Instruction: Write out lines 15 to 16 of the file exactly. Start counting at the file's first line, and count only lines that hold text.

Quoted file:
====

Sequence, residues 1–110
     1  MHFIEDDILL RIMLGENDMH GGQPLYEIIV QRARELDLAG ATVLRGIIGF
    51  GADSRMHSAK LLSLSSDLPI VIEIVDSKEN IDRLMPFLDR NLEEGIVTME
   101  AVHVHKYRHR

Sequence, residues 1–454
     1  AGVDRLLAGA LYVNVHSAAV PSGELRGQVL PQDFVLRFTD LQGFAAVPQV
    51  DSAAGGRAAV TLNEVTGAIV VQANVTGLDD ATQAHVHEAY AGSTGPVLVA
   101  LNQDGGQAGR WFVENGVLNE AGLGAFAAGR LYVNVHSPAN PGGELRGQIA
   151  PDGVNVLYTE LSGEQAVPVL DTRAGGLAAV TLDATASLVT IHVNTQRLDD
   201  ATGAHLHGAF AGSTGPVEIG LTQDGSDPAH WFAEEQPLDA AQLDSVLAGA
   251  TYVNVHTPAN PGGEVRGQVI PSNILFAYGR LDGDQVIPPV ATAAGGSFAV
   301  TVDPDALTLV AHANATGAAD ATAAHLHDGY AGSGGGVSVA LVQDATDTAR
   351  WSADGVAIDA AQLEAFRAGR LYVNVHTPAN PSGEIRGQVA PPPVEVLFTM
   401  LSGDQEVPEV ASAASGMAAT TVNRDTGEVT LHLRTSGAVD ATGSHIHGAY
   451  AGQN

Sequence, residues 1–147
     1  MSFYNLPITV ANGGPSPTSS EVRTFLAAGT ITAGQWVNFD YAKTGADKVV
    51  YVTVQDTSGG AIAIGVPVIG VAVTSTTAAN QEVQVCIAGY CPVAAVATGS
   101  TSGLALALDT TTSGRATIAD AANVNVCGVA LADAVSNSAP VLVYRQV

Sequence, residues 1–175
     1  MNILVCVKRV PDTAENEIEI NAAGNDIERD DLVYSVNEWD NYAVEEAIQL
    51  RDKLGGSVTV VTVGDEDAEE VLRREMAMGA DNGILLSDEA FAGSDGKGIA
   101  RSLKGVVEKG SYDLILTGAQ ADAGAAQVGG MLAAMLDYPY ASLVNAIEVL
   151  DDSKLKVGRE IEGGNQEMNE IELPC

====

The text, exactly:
   451  AGQN

Sequence, residues 1–147